This post was written by Jana Lynch, author of the wonderful personal finance blog Daily Money Shot, where she discusses money, family, relationships, pop culture, and everything in-between. You can also find her on Twitter and Facebook.
As a parent, nothing worries me more than what will happen to my child once she leaves my house. Particularly as an adult. All the typical questions—will she eat, will she pay her bills, will she do her laundry, will she get hurt—go through my head. But what really worries me is thinking about her career. What will she do for a living? (Right now she wants to be a mermaid, so you can understand my concern) Will she even find a job? Will she have to move back home and will I have to charge her rent?
Lots of questions. And she’s 6. I may have some issues.
However, as a parent, the only thing I can do is hope that I’ve prepared her enough. That I’ve set a good example with money. That I’ve taught her a work ethic. That I’ve taught her basic life skills to survive outside of the comfortable walls of my house. You know, the typical things that parents do.
But, in addition to that, there are other things that we, as parents, can do to help prepare our children for the future. And they don’t have to cost a lot of money either. For instance:
1. Register a domain name for your child. In the ever increasing online world, it’s going to become more common that instead of having paper resumes, more and more people are going to highlight their professional work on a website or blog (I do this now. I don’t have a personal website but I do have a portfolio on Pinterest. Thanks to Carrie from Careful Cents for that tip). To ensure that your child has the ability to do that, buy a domain name. Preferably in your child’s name, if it’s available. It’s only about $10 or so a year to own the name and this will ensure that, when the time comes, your child will have a professional sounding website to show to potential employers or clients.
2. Create a professional email address. If your kid wants to have an email address like email@example.com to use with her friends and family when she’s in middle and high school, there’s nothing wrong with that. But using that as contact information for an employer or client? A surefire way to ensure that your child does not get that job. However, if you’ve created a backup email account, with a professional sounding name (preferably the child’s name, or a variant of it), then your child can keep the crazy one for friends and employers will take your child seriously. Plus, it’s free to do! Note: make sure that if you’re going to enter the child’s birthday, that he or she is old enough to have their own account.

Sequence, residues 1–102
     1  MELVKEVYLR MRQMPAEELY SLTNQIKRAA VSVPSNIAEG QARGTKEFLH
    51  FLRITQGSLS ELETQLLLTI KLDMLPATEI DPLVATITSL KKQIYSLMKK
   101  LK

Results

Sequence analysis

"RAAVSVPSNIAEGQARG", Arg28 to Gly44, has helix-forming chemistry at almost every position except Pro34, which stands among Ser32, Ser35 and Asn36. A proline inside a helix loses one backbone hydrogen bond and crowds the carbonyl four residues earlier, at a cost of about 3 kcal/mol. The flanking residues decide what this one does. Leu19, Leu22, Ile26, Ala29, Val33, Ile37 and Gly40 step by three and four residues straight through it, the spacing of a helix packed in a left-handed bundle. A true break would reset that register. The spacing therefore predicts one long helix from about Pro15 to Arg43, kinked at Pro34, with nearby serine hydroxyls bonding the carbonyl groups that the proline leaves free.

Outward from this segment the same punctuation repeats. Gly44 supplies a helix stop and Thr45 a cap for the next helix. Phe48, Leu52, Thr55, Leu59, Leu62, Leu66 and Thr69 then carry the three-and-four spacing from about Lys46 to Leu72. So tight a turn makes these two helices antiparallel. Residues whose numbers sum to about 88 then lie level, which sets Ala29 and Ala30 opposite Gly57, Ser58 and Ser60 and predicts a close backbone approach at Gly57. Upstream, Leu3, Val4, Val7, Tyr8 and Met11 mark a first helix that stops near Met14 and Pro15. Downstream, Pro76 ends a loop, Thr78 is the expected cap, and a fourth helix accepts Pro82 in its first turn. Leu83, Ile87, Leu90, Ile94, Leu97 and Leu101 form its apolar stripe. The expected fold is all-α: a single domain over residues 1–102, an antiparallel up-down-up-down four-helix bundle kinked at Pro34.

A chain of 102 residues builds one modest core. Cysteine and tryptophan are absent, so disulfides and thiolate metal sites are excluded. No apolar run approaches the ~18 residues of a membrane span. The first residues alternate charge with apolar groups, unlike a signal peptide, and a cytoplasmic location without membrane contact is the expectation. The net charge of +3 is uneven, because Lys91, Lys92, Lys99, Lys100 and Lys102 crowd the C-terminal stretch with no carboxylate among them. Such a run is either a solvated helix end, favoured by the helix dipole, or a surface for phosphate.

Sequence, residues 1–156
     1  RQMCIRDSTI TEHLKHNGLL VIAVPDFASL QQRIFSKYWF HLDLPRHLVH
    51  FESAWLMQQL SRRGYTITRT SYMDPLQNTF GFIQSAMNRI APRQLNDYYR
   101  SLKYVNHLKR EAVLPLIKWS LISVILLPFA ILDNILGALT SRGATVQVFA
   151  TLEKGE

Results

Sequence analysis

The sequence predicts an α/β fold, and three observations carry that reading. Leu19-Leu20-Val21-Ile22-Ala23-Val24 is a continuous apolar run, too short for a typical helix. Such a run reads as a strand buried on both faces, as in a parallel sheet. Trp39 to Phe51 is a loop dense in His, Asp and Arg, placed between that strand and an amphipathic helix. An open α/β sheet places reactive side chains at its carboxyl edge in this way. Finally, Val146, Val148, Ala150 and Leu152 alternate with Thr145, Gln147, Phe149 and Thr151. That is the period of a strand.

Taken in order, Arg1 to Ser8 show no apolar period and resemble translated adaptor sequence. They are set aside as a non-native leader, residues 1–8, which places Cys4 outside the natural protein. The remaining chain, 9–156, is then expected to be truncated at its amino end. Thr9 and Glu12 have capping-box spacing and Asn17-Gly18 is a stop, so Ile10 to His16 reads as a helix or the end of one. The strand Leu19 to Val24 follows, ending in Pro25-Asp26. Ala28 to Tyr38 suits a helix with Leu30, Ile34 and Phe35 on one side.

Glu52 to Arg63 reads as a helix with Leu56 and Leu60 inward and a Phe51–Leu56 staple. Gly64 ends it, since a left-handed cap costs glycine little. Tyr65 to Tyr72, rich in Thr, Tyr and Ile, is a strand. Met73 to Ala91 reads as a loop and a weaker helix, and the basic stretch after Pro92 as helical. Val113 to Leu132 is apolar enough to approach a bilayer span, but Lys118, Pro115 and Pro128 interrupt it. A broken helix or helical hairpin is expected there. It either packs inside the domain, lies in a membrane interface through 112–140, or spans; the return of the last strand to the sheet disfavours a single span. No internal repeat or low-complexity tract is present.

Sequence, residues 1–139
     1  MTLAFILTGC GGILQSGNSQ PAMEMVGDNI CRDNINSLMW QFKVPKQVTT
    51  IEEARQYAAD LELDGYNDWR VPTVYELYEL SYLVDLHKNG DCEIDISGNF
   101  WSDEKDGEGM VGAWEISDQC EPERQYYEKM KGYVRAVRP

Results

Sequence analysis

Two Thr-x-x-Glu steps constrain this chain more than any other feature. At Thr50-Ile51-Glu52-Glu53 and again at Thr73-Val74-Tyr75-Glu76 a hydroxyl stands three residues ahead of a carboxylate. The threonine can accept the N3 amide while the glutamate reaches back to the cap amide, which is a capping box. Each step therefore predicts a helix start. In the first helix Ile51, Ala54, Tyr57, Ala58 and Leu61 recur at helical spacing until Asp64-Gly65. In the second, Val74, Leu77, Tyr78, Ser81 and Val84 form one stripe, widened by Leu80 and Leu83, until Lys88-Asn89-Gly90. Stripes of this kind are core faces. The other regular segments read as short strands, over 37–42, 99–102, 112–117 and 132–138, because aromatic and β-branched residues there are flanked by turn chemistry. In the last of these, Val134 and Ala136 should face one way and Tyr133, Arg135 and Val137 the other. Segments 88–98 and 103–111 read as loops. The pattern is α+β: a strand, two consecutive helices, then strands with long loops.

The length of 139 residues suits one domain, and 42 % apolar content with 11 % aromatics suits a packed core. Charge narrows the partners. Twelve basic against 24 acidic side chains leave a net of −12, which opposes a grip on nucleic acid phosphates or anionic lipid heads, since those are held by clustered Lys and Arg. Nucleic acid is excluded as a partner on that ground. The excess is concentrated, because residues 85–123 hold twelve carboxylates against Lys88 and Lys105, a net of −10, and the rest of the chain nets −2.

3. Establish a bank account. You don’t even have to tell the child that the account exists (that’s what we’ve done. We have a secret savings account for our daughter). But having the account allows your child to take part in learning about his or her finances. When you take the child to open up the account, it’s a great teachable moment. And when he starts earning his own money, having his own bank account will open up numerous discussions about being financially responsible. Additionally, having a bank account in his own name from a young age makes it easier for him when he gets his first “real” job since so many employers require direct deposit. This is basically free, except for the money that you use to open the account. Note: when looking into an account for your child, make sure you research and that the account type you select does not have minimum balance requirements and that there’s no annual fee.
4. Encourage a work or volunteer history. These days it seems like it’s not enough anymore to just be a “normal” kid. More and more colleges and employers are looking at extracurricular activities, work histories, and volunteer activities that their applicants engaged in before making a decision. In addition to giving your child a leg up these kinds of activities can help give them perspective they otherwise wouldn’t have. To give your kid an advantage, encourage her to start a business (a la the Babysitters Club) or volunteer at your church or synagogue’s library. Take your son with you on charity walks or give him a part-time job working for you (if you work for yourself). Suggest that your child participate in afterschool activities that are civic minded. Research if there are internship opportunities for high schoolers. While there’s nothing wrong with sports, and I am a huge advocate for them, kids need more than just athletic activities. It broadens their horizons and gives them a more well-rounded resume and makes them more attractive. And in many cases, the cost of these experiences is essentially free, save for the gas it costs to get there.
While none of these are a guarantee that your child’s future will be perfect, they can certainly give them a good head start.
Readers, are there other inexpensive actions to help your child’s future? Which ones do you use?
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